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Bar manager nearly loses THUMB after Corona bottle 'exploded' in his hand

·5-min read

A bar supervisor who dodged getting coronavirus has nearly lost his THUMB after a Corona bottle 'exploded' in his hand.

Nigel Hayes, 54, was stocking the fridges behind the bar of the restaurant when he retrieved two Corona bottles off the stock shelves in the cellar.

As the two bottles clinked together in his hand, one spontaneously exploded, slicing Nigel's hand wide open and nearly taking his entire thumb off.

Nigel was rushed to hospital where doctors worked diligently to save his thumb on September 26.

Nigel, who lives in West Drayton, London, said: "It was as simple as picking up a couple of bottles. I didn't drop them, it was by no fault of my own by any means - they literally clinked together and exploded.

"It just happened so quickly. The bottle exploded, and the next thing I know, there's blood spurting everywhere so my first thought was I better stop that!

"The laceration between the forefinger and the thumb is so deep that if the bone hadn't been there, it would have severed the thumb completely.

"It wasn't until I did a bit of research later that I realised the seriousness of the problem with Corona bottles exploding.

"I stock up every night of the week, I've worked on and off in pubs and bars for years and I've never seen anything like it."

Bar supervisor and stock manager Nigel was handling the restocking of the bar at The Water's Edge Canal Cottages where he has worked for the past three years alongside his job as a musician.

Taking two Corona bottles off the shelves in the cellar, Nigel was taken by surprise when one exploded in his hand as they clinked together.

He said: "We'd sold a couple of Coronas so I picked up a couple of Coronas to restock the fridge, picking one up and then another, putting them both in the same hand.

"The second they clinked together, the first bottle that I had been holding exploded - there's no other way of explaining it.

"It just happened so quickly. The bottle exploded, and the next thing I know, there's blood spurting everywhere so my first thought was I better stop that!

"I knew it was bad as soon as it happened because of the amount of blood so I wasn't thinking about what had happened but that I needed to get it sorted - now!"

Nigel's supervisor examined his hand and sent him to A&E at Hillingdon Hospital where doctors found he had extensive nerve damage and his flexal tendon had been severed.

Referred to the plastic surgery unit at Whittington Hospital, Nigel had to wait an agonising two days for the results of his Covid test so he could undergo surgery.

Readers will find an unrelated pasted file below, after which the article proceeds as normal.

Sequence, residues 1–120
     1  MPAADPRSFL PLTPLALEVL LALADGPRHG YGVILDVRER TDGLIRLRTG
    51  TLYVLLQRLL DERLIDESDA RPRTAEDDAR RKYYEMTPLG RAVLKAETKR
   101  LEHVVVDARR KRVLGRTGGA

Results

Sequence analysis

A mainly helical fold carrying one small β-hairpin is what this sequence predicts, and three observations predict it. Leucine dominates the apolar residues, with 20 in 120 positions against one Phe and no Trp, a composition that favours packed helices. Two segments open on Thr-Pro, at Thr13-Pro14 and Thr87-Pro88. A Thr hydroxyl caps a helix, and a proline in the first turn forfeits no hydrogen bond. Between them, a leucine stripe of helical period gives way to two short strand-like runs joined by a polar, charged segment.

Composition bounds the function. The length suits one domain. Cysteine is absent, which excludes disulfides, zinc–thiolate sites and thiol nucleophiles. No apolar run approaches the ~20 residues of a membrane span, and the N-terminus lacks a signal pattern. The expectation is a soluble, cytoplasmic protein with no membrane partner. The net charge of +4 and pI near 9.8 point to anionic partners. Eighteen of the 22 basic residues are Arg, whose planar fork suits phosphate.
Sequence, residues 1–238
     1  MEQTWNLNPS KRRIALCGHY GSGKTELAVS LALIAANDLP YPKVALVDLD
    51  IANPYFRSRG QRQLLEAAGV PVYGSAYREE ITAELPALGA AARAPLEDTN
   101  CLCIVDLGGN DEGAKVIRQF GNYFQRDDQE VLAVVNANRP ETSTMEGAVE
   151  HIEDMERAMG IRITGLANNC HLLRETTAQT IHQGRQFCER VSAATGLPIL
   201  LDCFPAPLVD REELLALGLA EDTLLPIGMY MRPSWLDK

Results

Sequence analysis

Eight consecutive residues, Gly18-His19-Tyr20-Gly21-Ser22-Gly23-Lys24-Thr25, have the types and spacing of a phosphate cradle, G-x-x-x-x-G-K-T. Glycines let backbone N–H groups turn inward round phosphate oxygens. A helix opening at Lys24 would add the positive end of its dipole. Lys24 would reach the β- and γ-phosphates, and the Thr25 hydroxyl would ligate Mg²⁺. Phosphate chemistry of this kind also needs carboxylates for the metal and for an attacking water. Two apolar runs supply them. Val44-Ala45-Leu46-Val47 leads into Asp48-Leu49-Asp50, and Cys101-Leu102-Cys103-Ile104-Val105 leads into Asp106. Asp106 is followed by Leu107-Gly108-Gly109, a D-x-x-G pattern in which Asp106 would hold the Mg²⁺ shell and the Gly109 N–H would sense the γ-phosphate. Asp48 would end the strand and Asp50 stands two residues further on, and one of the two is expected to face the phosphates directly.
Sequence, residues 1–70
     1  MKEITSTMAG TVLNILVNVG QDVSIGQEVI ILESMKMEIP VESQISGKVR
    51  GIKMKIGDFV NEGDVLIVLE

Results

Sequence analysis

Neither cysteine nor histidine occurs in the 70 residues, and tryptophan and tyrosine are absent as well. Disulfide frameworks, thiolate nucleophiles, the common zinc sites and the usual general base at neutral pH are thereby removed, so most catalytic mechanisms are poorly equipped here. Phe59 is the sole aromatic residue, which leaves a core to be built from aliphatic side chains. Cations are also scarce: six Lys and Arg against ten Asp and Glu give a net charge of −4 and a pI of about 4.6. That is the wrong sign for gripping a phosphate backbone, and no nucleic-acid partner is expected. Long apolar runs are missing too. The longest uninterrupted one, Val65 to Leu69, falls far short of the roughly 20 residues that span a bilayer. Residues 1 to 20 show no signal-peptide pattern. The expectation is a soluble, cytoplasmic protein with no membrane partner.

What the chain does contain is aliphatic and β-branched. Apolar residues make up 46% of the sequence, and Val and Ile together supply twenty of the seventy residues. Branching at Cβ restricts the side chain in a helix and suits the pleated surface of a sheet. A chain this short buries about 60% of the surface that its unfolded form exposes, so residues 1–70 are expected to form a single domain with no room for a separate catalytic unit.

He went under the knife last Friday [1] so doctors could reattach the nerve endings and the flexal tendon where it had been severed between his thumb and wrist.

Nigel said: "The laceration between the forefinger and the thumb is so deep that if the bone hadn't been there, it would have severed the thumb completely.

"It was the bone that stopped the thumb coming completely off.

"They had to make an incision in my wrist to locate the flexal tendon as it is like an elastic band that had sprung back up my arm when it got severed.

"They basically had to pull the tendon back up my hand and reattach it to where it had been severed from my thumb."

Following the surgery, Nigel was put in a cast to restrict movement and to protect the wound from exposure.

Yesterday [6], he had the cast removed so he could carry out the first session of his eight week physiotherapy course and currently has a splint on his hand.

Nigel said: "We don't know if I'll gain full movement of my hand again, they'll reassess it when my eight weeks of physiotherapy is finished.

"With this injury, I can't work in the bar and I can't make music. I can't play any instrument, I can't operate the mouse, I can't do anything.

"I'm not going to be able to survive on statutory sick pay, that's not even £100 a week. I have debts, credit card bills, stuff that needs to be paid and I don't have any money coming in. 

"I've spoken to a few credit card companies that I owe money to and they've been very nice about it and have agreed to put me on hold for eight weeks. 

"My work have been great too - the owner of the company actually picked me up yesterday [6] to take me to the hospital, they're being very supportive.

"Although this happened in the workplace, it's not anything to do with the company I work for, it's not their fault at all, it's a manufacturing fault from Corona."

A spokesperson for Budweiser Brewing Group UK&I said: "The health and safety of our teams, customers and consumers is of utmost importance to us and we take issues like these extremely seriously. 

"In regards to Nigel's case, we have searched our records thoroughly and cannot see that we have been contacted about it. 

"We'd ask that Nigel or his employer please gets in touch through our official channels so we can progress with a full investigation."

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